Monday, October 24, 2005

Animal auction focuses on exotic

Animal auction focuses on exotic

By DL Perrin Truth Correspondent

On the blockBeautifully colored birds like this Golden Red Pheasant were on the auction block at the Northern Indiana Fall Exotic Animal & Bird Auction at the Topeka Auction Barn this past weekend.Photo: DL Perrin / The Truth

TOPEKA -- One woman needs a skunk. A man in a cowboy hat is looking for a breeding pair of camels.

From alpacas to zebras, if it is an exotic animal and available for sale, you will most likely find a seller and a buyer at the bi-annual Northern Indiana Exotic Animal & Bird Auction.

Jacob Kurtz, who's had a lifelong fondness for unusual livestock, had been traveling as far as Ohio to buy and sell his animals. He knew there was a need for a place in Indiana where fans of unusual animals could buy, sell, talk shop or trade their favorite creatures.

More than eight years ago, according to the Topeka resident and longtime Topeka auction committee member, he suggested they dedicate one auction day a year to unusual animals. The exotic animal auction started out as a half day. It soon grew into a two-day event.

"I'm not a farmer but I had land and I have always liked animals that are different," Kurtz said. "It's fun to watch the cars drive by and, at first they slow down, then turn around and come back down the road to get a second look."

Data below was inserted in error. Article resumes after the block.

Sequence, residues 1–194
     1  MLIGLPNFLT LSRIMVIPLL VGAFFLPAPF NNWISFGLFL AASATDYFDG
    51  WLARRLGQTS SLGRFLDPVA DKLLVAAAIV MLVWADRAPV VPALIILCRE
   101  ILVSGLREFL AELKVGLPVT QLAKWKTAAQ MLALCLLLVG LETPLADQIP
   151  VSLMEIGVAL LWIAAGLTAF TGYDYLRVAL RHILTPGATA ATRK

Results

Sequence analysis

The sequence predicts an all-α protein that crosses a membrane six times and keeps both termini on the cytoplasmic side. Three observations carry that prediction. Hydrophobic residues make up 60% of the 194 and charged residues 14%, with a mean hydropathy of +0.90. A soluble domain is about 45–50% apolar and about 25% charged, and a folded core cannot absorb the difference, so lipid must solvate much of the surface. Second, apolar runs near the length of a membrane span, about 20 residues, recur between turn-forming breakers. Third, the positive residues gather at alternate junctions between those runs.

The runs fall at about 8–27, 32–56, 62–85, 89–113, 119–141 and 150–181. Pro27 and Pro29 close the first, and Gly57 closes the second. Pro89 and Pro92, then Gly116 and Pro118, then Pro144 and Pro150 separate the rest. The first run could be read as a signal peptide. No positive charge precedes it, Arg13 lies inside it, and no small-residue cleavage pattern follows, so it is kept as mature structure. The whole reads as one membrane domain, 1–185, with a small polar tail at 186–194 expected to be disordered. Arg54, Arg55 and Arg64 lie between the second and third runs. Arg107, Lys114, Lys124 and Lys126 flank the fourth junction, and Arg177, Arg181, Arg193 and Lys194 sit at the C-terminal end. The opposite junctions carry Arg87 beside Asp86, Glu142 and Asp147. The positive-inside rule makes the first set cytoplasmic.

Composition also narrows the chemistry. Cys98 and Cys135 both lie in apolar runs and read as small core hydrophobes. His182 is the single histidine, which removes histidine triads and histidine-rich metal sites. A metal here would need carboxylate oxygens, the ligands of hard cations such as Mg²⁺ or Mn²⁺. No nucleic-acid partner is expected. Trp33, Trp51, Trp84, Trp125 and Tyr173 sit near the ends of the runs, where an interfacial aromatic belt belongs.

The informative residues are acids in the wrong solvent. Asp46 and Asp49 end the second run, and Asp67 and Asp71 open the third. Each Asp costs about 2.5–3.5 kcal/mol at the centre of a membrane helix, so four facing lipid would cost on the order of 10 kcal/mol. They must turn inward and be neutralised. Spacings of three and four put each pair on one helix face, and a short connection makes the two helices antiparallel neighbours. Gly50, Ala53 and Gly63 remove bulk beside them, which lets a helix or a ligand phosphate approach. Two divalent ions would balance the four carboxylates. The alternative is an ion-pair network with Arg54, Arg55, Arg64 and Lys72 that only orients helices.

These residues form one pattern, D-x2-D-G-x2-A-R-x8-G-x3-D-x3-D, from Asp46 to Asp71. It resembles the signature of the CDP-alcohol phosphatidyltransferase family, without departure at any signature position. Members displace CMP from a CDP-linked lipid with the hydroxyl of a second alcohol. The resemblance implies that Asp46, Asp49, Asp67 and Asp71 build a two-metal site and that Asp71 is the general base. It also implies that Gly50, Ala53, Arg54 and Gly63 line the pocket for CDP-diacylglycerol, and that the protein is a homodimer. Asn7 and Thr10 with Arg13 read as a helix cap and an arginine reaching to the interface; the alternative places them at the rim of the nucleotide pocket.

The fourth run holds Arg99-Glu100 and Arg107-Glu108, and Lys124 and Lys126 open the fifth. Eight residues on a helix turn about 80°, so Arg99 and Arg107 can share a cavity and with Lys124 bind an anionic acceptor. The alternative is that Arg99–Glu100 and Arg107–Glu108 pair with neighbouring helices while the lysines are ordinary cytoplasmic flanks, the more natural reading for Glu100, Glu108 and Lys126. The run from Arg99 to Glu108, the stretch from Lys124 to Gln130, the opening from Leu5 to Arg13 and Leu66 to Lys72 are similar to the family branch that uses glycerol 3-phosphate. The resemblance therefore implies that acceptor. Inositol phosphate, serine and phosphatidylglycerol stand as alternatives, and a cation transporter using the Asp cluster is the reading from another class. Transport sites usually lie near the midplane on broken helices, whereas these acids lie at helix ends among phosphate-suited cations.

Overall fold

Kurtz isn't alone in his fondness for exotic birds and animals.

Daryl Blackman has been driving to the auction from Bloomingdale, Mich., for years. "I have my parents' farm now," Blackman said. "I don't farm now, but my parents raised beef and horses. Out of all the kids, I was the one that raised unusual animals -- no regular livestock for me."

Friday he was at the auction selling some Barbados sheep with magnificently curved mahogany horns. He also brought along a cage filled with doves. "It all starts from two," Blackman said. "The next thing you know, you have a couple of dozen."

Bob Bale, auction manager and auctioneer, said it is his job to post regulations and warn all participants about the laws regarding state and federal permits, vaccinations, inoculations and licenses for their animals. "The laws are constantly changing," Bale said. "We keep on top of all of the changes, but the end responsibility lies with the owners."

Blackman wants to expand his flock of sheep, so he is selling off a few rams and ewes and buying others to change the bloodline of his flock. Among other birds such as peacocks, he acquired homing pigeon pairs to breed so he can raise their young to "home" when they grow up. He says he might even look at a starter pair of emus.

Blackman said he doesn't raise any animals for food; his collection is a hobby gone wild.

He said he is glad there is a sale like Topeka twice a year. If he took his exotic sheep to a contemporary livestock auction he wouldn't expect to find any buyers. He knows he will find buyers in Topeka every year.